With Canon interview spoiler…

1/. Godard comes in many shapes and sizes
– He briefly reprised his views on aspect ration with Gallic hand gestures demonstrating the cutting off of the upper part of a shot, etc.

2/. Something I feel strongly: what a film is about or meant to be about can be taken separately from how it was made. Or not. They can complement each other. Or not. My natural inclination is to run these in parallel. Weaving in and out. Often when the going gets tough on the film itself as a story with a narrative imperative (or not), resorting, or even retreating (out of the sun into the shade..), to the How Did They Do That? seems the most sensible place to go. Even if in the end that strip of bright sunlight between the shady tree and the house has to be crossed.

Godard is often talked about in terms of his oeuvre when a new one pops up (as one does of directors in general). We get the jump cut standing for À Bout de Souffle, or Fritz Lang standing for Le Mépris (who starred in it but to whom Godard was also paying obeisance to as a director. (Wiki:Contempt (film) is an Idiot’s Guide to the latter with some of the associated Langifications – A browser search on Fritz on that wiki page will do the trick).



May 24, 2014 Posted by | Douglas Hofstadter, DSLR cinematography, DSLR Digital Cinematography Guide, Eisenstein, European art cinema, European cinema, European film, film analog/digital, Film and The Arts, film aspect ratio, film reflexivity, film sex, Film Socialisme, film technique, film theory, film [its techniques], French films, Fritz Lang | , , , , , , , , , | Leave a comment

FILM DIRECTOR Spike Lee’s dolly shot video










Fun – it solved the background recedes problem I had. Right, on to the next trick.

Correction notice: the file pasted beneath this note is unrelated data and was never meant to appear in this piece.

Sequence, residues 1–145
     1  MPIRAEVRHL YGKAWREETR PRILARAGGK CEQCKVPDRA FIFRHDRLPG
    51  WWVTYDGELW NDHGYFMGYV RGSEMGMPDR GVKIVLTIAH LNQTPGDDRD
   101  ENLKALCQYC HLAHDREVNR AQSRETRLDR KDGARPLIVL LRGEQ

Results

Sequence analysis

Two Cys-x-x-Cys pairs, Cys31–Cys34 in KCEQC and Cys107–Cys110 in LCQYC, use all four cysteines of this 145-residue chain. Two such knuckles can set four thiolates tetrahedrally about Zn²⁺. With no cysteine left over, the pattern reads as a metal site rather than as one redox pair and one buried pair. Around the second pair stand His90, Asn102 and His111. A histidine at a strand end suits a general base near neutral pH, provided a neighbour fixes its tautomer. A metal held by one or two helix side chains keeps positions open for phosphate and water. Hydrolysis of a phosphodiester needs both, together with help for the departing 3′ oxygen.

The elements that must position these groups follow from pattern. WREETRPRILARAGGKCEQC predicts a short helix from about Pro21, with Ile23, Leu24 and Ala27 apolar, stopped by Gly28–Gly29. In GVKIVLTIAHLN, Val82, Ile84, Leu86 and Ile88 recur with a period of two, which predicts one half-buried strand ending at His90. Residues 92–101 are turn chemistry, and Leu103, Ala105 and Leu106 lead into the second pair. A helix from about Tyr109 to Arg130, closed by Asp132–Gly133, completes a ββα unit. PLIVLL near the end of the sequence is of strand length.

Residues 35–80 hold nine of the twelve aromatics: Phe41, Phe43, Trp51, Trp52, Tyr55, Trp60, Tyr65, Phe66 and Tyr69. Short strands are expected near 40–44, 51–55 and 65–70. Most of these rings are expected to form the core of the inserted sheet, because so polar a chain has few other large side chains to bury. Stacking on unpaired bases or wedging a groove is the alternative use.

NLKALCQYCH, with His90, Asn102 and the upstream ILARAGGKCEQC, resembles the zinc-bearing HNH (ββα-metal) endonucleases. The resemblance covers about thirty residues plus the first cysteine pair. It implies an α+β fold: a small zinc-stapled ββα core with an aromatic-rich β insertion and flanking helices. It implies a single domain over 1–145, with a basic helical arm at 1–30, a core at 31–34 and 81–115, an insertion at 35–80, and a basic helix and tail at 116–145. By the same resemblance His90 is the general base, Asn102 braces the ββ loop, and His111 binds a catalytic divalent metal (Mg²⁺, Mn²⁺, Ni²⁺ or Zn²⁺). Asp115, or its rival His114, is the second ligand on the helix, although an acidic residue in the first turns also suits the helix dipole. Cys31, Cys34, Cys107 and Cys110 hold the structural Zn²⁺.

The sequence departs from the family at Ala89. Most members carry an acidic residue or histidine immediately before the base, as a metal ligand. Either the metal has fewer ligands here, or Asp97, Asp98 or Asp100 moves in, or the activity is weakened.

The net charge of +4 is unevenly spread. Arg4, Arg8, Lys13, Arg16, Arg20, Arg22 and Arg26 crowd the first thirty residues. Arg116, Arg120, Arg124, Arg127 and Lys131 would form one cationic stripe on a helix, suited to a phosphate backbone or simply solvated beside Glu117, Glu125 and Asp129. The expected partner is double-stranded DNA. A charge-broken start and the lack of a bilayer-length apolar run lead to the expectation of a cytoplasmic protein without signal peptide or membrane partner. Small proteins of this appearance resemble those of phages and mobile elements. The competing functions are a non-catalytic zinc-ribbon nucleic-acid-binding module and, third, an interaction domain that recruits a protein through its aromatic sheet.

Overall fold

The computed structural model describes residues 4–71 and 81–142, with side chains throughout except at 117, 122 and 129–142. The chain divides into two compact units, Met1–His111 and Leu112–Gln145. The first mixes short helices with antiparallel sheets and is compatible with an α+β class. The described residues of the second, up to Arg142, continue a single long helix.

November 24, 2013 Posted by | dolly shot | | Leave a comment

FILM TECHNIQUES Errol Morris’s interrotron





PHOT Errol Morris [handwritten quote]



I like the irrelevant, the tangential, the sidebar excursion to nowhere that suddenly becomes revelatory – Errol Morris



from Film Experience Blog {1}





GRPAHIC ERROLL MORRIS interrotron [1]


Click to enlarge



From: Errol Morris’s Secret Weapon for Unsettling Interviews: The Interrotron


–The ingenious design behind Errol Morris’s indelible trademark of showing people making eye contact with the camera.



↑ That’s it explained


But as you know a picture is worth a thousand words, so if you aren’t into explantions here’s a photograph showing how it works:




PHOTO INTEROTRON Errol Morris


Well, it looks rather like a picture won’t always do – just to say the Erroll in front of the interrotron is where the interviewee sits looking at Erroll. And Errol wouldn’t be looking through the camera eye-piece -that’d be the cameraman – but off to the side looking into video camera as per the nice colour diag.





September 27, 2013 Posted by | Errol Morris, film production, film technique, interrotron | , | Leave a comment

FILM WITHIN FILM TRUFFAUT La Nuit Americaine [1973]








Jean-Pierre Léaud and Francois Truffaut in La Nuit Americaine


Looked at Truffault again in the week before his anniversary date which was marked by a Google Doodle. With a bit of luck this should mean a lot of people looking to see who he was. And watching some of his films. Could check DVD sales.